IAV, which specializes in engineering services has recently turned to 3 D printing engine parts like pistons to shorten the timeline for engine development. Robert Dolan, Director of Commercial Vehicle and Government Programs for IAV said in an interview he gave to “Automotive Engineering” that using a 3D printed part can help get a new piece to the test stand a lot faster to facilitate comparison and analysis of variations in part geometry. IAV is involved in the manufacture of such parts for customers making commercial vehicle diesel engines and passenger vehicle gasoline engines. It also has produced 3D printed cylinder heads for an advanced thermal management system.
According to Dolan, the 3D printed pistons helps to achieve internal geometries which cannot be achieved through conventional means. One instance he cited was of a 3D printed piston designed for a gasoline engine that had an internal honeycomb structure under the dome area. “It provides the strength needed to tolerate the cylinder pressure, and it incorporates cooling features,” Dolan explained.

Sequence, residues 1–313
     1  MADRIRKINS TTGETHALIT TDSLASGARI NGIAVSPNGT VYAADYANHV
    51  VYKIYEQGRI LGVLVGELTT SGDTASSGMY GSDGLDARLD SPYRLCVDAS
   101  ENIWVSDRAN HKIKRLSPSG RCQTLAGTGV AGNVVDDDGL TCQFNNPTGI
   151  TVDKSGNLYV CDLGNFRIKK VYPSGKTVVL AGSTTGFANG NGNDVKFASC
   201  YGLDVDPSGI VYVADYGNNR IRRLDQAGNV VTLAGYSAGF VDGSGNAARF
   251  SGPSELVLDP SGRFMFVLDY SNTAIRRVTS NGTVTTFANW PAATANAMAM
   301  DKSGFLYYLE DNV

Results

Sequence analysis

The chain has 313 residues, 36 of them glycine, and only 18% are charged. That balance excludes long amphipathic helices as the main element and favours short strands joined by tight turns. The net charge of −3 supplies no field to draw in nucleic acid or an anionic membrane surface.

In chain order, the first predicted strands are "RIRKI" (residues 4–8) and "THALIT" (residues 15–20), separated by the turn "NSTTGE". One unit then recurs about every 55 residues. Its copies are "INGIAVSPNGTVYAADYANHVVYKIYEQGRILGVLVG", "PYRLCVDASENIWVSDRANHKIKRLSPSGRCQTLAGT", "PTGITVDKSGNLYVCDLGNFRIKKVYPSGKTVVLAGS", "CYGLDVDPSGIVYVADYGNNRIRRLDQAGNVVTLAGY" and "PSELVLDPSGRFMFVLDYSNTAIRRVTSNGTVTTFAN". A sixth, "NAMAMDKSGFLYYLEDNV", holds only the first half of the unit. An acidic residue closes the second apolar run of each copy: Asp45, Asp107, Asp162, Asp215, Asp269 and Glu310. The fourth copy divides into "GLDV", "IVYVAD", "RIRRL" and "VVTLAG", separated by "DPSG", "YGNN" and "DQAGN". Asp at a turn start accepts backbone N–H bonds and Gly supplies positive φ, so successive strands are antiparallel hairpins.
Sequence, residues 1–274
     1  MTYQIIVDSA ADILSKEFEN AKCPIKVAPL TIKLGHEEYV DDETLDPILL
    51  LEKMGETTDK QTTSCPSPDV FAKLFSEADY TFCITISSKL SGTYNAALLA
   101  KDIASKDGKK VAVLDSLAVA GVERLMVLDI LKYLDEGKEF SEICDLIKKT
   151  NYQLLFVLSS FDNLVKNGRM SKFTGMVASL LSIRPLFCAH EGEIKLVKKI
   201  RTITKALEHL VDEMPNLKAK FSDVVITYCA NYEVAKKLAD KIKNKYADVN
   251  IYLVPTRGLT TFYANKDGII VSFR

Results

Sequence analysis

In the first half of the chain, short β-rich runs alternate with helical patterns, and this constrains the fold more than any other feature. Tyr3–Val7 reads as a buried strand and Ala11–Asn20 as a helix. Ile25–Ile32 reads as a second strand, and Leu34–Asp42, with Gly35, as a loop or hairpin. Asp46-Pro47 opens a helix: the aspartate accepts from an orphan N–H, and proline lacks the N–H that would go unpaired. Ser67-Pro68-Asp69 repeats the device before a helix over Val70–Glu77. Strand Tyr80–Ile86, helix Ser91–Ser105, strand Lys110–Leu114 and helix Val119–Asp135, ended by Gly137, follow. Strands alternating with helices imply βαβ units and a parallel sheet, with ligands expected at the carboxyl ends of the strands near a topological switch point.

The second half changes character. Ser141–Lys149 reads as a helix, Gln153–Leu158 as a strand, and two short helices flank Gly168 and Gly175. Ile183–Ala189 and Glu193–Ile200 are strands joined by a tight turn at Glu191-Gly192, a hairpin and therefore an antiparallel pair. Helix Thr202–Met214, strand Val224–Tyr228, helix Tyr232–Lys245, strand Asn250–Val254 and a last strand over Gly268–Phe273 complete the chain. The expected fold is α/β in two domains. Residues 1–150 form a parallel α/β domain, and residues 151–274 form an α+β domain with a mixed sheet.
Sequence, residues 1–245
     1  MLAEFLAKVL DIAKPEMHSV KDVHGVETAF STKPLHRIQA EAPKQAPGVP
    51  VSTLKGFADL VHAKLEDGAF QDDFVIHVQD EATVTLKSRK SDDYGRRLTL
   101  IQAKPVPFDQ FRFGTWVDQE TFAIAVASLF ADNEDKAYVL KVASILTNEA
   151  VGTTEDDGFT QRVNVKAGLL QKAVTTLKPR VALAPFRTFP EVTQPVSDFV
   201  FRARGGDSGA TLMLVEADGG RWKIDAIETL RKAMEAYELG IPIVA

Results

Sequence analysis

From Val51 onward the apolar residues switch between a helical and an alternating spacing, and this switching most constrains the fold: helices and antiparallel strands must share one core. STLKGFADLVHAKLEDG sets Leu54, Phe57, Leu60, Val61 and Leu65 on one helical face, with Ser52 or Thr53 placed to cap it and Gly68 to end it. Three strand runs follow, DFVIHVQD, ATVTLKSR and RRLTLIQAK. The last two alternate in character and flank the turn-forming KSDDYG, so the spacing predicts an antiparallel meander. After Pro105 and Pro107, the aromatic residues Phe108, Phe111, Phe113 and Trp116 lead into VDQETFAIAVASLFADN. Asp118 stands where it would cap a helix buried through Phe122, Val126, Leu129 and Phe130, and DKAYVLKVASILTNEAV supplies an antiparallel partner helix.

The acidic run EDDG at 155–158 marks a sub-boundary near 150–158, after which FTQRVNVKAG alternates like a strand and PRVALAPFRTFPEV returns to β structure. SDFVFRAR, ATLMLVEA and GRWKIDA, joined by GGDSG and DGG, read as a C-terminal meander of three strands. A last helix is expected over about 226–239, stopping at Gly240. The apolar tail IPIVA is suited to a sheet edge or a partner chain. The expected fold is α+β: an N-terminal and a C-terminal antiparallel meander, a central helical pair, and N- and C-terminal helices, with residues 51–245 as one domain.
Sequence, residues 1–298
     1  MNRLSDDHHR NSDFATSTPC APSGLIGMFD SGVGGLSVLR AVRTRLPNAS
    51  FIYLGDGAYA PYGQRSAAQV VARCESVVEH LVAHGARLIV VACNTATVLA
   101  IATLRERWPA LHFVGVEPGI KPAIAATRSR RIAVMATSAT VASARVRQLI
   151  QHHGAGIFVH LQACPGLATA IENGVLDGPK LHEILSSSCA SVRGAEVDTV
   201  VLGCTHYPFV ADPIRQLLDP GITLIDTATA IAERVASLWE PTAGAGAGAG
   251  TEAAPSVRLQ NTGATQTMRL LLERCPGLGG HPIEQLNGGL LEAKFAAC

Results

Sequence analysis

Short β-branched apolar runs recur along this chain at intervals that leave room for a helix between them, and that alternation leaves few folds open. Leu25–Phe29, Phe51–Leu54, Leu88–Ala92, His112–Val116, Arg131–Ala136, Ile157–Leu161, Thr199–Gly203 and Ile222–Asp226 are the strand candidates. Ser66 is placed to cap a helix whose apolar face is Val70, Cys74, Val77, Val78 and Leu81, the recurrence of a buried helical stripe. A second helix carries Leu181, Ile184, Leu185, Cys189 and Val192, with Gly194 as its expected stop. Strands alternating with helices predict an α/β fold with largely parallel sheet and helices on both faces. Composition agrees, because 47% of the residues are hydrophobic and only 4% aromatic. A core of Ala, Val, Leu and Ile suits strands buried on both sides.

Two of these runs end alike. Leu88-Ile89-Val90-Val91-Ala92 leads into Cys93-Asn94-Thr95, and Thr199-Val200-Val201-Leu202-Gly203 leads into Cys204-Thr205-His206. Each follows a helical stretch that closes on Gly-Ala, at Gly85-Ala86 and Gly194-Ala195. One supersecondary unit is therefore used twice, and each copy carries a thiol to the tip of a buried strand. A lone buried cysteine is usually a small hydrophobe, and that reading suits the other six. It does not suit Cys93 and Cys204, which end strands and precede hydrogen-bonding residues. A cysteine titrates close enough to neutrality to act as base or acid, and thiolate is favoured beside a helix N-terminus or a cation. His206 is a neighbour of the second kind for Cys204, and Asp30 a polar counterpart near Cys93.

Producing such unique piston concepts with the help of additive manufacturing techniques allows engineers to push the boundaries when it comes to thermal dynamics and single cylinder engine development.
Dolan said that IAV’s 3D printed metal pistons can be up to 25 percent lighter than pistons made conventionally and the company is currently investigating production applications. The chances of such an application are more likely for a lower-volume, high-content piston for a diesel engine commercial vehicle than for a passenger vehicle as the boundary conditions are a lot more severe with a diesel engine piston.
Whether 3 D printing can be used on a commercial basis or not, 3D printing is definitely of great use as part of the testing process.
“Just put yourself in the middle of an internal combustion engine development program. It’s expensive to operate an engine in a specific test cell, so when you decide that you want to change this or that based on the results, being able to get a 3D printed piston into the test cell in just a day or two days versus several weeks is very appealing,” Dolan noted.
Hamid Moaref has always been fascinated by cars and the automotive industry. His family has a longstanding association with the industry and has been in the tire business for the past 35 years. Raised in Dubai, Hamid attended Capilano University in Vancouver where he graduated with a BBA in marketing before attending an intensive course in magazine publishing in 2005. He has been the publisher and chief editor of Tires & Parts magazine for the past ten years.
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